Besides such enterprises, Seoul Metropolitan Government is also trying to apply a sharing economy to specific policies. As Park Won Soon, the Mayor of Seoul, was elected in a by-election in November 2011, he aimed to achieve innovative policies. Kim Ki Hyun, Deputy Director of Seoul Innovation Division, which is a newly created department by Park, has been working on the matter. Developing the concept of a sharing economy into “Share City Seoul” is one of the innovative projects. Share City means the city where creating new values through sharing is actively made in every sector, such as civil society, private enterprises, and public sectors.

The project is mainly about systematically organizing existing policies related to the sharing economy, and promoting new policies relevant to it. They provide unused facilities for the public or Seoul Dong-haeng Project that voluntary college students share their talents with younger students. They also plan to implement three main points; institutional framework, supporting enterprises, and encouraging participation of citizens. Seoul Metropolitan Government is going to enact an ordinance in order to invigorate a sharing economy, to support the foundation of the sharing economy enterprises both financially and administratively, and to prepare Private Governance, or international conferences about a sharing economy.
   

▲ Collaborative Lifestyles

Captured from Collaborative Consumption Groundswell Video

Potential Challenges and Possible Solutions

Even though there are enough merits about a sharing economy, some critics might raise a few potential challenges. Economic recession is one of the reasons that caused the sharing economy to appear. Then, some people wonder what if an economic recovery happens. Regarding this worry, Kim Ki Hyun explained “The economic recession is merely a part of the cause of a sharing economy. As other factors, such as limitation of oversupply and overspending, environmental problems, and human alienation, are also crucial, it will prosper continuously even if the economy recovers from its depression.”


   

▲ Collaborative Lifestyles

Captured from Collaborative Consumption Groundswell Video

Others wonder whether the sharing economy is also possible even in manufacturing businesses whose purpose is to “sell” as much as possible. Against this criticism, Kang Soo Hyuk, CSO and Sharing Innovator of Kozaza, gave an example of BMW. Even though BMW is one of the famous automobile manufacturing companies, it pioneers the field of sharing economy in that it provided a car sharing service. It implies that manufacturers have already realized that they need another channel to survive other than just manufacturing. Thus, they are willing to accept a sharing economy readily.

More fundamentally, a sharing economy should be equipped with “faith,” a word shared by all of the diverse interviewees. Despite trivial challenges or criticisms against a sharing economy, they all agreed that it is possible for it to survive and further pervade if it is based on mutual trust.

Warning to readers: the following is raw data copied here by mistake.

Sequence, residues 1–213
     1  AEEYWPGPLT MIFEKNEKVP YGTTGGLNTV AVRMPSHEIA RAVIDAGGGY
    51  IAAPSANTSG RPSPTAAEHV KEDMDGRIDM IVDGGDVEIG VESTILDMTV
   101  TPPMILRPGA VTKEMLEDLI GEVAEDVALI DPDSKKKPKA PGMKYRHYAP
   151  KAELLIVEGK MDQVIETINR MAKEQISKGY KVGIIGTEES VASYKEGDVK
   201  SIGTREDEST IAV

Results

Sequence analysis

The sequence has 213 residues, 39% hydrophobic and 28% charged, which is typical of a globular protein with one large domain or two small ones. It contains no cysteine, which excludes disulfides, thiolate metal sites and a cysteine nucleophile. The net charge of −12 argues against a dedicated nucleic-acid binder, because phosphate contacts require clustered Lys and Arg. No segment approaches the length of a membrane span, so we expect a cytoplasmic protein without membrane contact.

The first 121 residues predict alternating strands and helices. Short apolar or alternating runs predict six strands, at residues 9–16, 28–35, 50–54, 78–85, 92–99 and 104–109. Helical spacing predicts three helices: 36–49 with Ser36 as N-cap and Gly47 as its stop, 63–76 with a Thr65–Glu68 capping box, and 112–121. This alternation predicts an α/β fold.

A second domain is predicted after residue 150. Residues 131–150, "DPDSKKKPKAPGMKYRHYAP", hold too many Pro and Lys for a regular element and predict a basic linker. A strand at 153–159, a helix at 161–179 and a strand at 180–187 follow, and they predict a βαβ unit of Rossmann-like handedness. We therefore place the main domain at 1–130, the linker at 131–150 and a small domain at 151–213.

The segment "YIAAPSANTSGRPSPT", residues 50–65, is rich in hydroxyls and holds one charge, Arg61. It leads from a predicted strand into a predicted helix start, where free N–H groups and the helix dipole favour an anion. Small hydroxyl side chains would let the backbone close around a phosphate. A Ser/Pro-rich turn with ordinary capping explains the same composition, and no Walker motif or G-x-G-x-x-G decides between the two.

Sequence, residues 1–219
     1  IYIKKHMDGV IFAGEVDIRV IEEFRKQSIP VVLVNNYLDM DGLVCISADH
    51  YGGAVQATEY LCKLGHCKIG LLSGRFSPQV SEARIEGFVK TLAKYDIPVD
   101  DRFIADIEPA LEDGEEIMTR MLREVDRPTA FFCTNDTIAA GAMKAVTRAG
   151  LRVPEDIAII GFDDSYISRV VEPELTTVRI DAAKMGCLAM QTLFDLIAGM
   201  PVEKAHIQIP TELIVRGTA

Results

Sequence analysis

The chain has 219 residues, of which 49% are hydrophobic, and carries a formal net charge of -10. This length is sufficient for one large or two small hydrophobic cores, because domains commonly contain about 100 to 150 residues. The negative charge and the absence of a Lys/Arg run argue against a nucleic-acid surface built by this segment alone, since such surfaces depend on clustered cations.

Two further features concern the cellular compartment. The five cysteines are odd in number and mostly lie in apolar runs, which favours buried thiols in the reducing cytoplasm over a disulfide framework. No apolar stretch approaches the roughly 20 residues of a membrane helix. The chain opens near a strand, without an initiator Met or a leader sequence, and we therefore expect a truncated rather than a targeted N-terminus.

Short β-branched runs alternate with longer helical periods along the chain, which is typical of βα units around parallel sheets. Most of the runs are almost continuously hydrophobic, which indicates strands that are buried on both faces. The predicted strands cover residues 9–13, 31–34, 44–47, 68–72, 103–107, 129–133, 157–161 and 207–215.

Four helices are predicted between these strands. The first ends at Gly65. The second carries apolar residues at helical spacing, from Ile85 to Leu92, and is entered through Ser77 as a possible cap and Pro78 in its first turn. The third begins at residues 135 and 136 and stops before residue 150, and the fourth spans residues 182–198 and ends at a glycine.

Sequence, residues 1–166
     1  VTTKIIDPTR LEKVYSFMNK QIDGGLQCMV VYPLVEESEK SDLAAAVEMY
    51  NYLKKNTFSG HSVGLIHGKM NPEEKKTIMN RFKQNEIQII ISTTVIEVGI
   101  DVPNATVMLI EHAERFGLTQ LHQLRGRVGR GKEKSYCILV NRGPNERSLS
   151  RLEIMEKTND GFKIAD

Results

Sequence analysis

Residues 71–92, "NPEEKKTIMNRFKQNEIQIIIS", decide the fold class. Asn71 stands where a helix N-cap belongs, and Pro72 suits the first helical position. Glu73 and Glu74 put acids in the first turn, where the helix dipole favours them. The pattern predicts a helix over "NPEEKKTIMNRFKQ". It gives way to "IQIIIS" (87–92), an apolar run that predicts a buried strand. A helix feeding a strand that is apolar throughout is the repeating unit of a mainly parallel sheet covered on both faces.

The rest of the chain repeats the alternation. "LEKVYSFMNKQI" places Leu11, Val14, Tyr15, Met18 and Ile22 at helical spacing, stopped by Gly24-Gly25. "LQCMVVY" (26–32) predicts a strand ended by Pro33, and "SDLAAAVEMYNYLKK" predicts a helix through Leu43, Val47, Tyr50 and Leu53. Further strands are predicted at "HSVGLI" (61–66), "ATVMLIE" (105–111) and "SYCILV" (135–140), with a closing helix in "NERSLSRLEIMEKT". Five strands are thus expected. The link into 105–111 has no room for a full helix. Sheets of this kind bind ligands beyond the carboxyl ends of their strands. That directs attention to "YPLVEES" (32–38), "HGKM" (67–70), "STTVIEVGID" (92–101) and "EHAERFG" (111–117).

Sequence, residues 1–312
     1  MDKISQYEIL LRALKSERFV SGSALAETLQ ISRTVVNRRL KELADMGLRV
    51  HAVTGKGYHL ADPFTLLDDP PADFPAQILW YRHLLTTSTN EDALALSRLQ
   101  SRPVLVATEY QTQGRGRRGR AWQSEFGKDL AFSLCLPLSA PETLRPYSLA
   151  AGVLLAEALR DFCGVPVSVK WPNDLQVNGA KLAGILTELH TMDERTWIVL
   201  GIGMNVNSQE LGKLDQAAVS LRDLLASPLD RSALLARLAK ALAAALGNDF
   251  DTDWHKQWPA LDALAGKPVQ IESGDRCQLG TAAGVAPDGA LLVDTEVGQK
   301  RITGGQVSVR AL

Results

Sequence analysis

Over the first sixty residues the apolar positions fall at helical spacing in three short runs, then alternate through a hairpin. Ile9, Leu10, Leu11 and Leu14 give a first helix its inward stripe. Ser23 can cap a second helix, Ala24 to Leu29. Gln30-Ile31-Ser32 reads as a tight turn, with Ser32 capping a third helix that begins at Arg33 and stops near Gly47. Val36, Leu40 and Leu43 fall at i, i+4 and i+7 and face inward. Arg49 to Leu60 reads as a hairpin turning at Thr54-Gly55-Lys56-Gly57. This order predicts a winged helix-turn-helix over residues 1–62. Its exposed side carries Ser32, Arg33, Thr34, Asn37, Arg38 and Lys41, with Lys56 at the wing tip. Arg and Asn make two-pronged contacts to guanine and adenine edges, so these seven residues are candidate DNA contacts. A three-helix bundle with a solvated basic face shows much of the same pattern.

▲ Redistribution Markets

Captured from Collaborative Consumption Groundswell Video


The Role of Students

A sharing economy is when people share their possessions with others who need them, and it is distinguished from rental in that it aims to create interpersonal relationships as well as to gain goods or services. Development of digital media, decrease in the cost of sharing, an economic recession, as well as environmental pollution, all have contributed to the emergence of a sharing economy. It has been further pervaded globally thanks to socioeconomic and interpersonal aspects. For the former, encouraging sustainable development, stabilizing social polarization, meeting the new demands, and invigorating the local economy can be achieved. At the same time, for the latter, contacting with each other off-line, alleviating human alienation, promoting a faithful society, and being thoughtful to others can also be obtained.

Foreign waves of a sharing economy have surged toward Korea so that many companies and policies are framed with the sharing economy; Kozaza, My Real Trip, the policy of “Share City Seoul,” and so on. Despite some challenges against a sharing economy, it is faith that most experts emphasize as the most essential factor for a sharing economy.

Fully understanding the causes, advantages, and the vital requirement of a sharing economy, the government and the public, including students, need to make an effort in order for it to take root strongly in our society. As several inefficient regulations remain as obstacles for it to pervade, our government ought to find out and t r y to r e v i s e them; further, it is required to prepare systematic rules, which make the sharing economy used everywhere. For the general citizens, they are recommended to regard it as a part of the daily life, which means being more familiar to using it. Students, especially, need to actively participate in sharing economic activities, such as the Dong-haeng project, which was mentioned earlier. Also, it is good for them to be interested in sharing economy businesses by being both providers and users of the sharing economy. Thus, with a sharing economy, these collaborative efforts may lead us to a more faithful society.

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James
Hi great piece glad to see the collab world has got to S.Korea!! For some real examples of cool Collaborative Consumption companies have a look at www.hirespace.com and www.airbnb.com
(2012-11-02 03:34:32)